I was all set to mention yet again that reviewing OVAs for series we’ll never again see in anime form is kind of depressing, but there was a very happy surprise at the end of this one – an announcement of a second “The Loves of Hibachi” OVA to follow. I hadn’t heard about this anywhere else (I still haven’t) so the news came as completely unexpected for me. And it makes it a lot easier to enjoy this one without a heavy heart.
Mushibugyou is one of those series where my fondness for it exceeds my intellectual assessment of it. I realize it’s not exceptional in most ways – it’s just a good, straight-ahead shounen with very few real surprises. Yet for whatever reason it holds a special place in my esteem. I love its unpretentiousness, sense of fun, soundtrack and cast (especially KENN as the relentlessly positive hero Jinbei). Mushibugyou isn’t exactly original but it is clever, and it executes its concept with a lot of commitment and panache. And some of the stuff with Han Megumi as Kuroageha in the second cour was genuinely moving and powerful.
As for the OVA, it adapts a story from the manga where Jinbei takes a young Edokko named Torakichi (Takayama Minami – getting no less than Conan Edogawa is quite a coup) under his wing when the boy asks for training in bushido. As if often does Mushibugyou sneaks in a bit of social commentary here, showing us the conditions the poor of Edo lived under and the discrimination they faced in some detail. Torakichi and his younger siblings are routinely bullied by the sons of samurai, and his parents see no use in having a poor child with no future pursue an unattainable goal. But as usual, Jinbei sees nothing but sunshine where others see clouds, and takes matters (and the boy’s training) into his own hands.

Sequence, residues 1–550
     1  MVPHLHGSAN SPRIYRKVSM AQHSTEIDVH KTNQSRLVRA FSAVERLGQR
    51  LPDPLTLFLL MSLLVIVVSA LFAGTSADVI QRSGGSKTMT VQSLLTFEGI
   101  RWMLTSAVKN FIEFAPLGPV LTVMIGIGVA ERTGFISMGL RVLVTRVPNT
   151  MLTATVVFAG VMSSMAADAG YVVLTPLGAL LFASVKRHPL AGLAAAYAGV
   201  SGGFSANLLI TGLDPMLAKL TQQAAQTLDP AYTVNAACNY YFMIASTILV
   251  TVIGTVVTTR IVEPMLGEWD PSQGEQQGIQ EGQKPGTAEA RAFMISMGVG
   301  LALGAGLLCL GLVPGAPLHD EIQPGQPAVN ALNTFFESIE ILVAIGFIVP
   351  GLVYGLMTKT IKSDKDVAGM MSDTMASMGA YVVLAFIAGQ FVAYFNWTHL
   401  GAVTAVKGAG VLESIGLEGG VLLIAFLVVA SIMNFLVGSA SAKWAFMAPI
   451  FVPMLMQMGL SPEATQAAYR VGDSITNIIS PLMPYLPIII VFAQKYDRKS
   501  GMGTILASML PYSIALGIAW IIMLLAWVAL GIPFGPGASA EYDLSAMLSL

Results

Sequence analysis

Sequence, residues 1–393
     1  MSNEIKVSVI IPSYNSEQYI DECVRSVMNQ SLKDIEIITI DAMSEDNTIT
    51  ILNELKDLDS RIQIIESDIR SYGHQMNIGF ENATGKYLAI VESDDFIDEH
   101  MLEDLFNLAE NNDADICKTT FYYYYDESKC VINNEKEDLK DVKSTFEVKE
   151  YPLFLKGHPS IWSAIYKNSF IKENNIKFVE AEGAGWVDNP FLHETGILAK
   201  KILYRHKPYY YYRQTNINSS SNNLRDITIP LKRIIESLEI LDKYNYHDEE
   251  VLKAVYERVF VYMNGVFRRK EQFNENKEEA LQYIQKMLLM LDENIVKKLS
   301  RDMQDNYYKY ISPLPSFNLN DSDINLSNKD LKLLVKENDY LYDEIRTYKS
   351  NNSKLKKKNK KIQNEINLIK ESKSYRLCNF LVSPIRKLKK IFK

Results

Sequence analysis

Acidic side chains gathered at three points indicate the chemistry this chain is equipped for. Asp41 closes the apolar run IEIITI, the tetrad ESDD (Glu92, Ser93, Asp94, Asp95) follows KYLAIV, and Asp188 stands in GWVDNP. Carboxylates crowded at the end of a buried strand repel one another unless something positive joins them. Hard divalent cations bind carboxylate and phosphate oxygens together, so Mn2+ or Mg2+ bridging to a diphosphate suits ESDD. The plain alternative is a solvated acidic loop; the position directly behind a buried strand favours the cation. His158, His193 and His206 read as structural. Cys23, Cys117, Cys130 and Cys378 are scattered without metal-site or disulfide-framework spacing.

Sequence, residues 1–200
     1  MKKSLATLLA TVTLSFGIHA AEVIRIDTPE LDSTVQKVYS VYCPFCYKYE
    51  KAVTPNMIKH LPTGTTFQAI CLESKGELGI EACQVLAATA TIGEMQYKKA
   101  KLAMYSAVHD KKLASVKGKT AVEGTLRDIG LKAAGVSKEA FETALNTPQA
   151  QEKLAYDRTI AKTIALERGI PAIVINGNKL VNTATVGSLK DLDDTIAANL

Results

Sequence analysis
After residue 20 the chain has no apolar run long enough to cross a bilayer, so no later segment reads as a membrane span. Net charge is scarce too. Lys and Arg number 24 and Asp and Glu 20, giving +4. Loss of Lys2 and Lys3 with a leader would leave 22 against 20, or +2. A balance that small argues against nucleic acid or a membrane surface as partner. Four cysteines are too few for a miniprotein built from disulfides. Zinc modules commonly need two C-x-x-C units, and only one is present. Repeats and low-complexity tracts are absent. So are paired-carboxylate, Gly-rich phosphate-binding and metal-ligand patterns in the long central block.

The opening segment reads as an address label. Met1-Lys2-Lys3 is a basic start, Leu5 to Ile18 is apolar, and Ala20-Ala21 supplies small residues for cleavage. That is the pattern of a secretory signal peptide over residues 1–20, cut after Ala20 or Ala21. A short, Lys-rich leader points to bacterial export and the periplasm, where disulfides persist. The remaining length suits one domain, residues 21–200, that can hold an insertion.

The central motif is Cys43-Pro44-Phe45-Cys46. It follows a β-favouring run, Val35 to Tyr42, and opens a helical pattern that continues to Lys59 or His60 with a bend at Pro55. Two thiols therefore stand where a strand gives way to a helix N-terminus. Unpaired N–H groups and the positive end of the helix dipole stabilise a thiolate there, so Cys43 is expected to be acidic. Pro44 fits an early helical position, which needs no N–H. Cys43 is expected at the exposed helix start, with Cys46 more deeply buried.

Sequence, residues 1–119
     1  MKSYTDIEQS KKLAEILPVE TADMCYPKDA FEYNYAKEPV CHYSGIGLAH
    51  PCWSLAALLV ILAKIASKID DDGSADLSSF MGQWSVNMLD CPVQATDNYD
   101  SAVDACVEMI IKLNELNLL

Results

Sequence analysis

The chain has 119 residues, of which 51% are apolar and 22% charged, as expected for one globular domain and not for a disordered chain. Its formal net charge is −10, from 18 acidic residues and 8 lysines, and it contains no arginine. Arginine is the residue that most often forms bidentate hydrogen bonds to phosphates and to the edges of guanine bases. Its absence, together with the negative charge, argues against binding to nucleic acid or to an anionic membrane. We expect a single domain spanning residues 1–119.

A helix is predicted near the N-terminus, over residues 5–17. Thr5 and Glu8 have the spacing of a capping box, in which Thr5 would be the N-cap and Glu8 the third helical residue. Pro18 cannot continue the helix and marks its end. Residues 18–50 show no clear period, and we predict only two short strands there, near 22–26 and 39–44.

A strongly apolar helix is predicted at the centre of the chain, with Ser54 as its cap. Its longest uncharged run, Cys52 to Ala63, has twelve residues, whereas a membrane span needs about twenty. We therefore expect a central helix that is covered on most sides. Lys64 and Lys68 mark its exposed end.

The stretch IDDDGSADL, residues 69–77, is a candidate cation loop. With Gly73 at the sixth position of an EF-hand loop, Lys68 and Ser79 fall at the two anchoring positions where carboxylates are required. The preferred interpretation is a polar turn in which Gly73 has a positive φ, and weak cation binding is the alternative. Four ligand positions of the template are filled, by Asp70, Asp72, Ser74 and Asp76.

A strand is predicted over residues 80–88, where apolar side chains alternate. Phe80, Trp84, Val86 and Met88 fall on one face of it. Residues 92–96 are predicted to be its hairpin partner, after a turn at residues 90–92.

We’ve definitely been down this road with Mushibugyou before – old-school fanservice, a bit of creepiness, and over-the-top action. But as usual, it works – there’s a great sense of martial spirit to the exercise, and the premise is distinct enough to make it interesting. All of the regular cast appears in some form, and there’s a good-sized snippet of Mugai remembering his past that hints at future manga chapters that will likely never be adapted. All in all it’s good fun and briskly entertaining, which is pretty much what you’re going to get from Mushibugyou the vast majority of the time. And it’s nice to know that we’re going to get just a little more of it.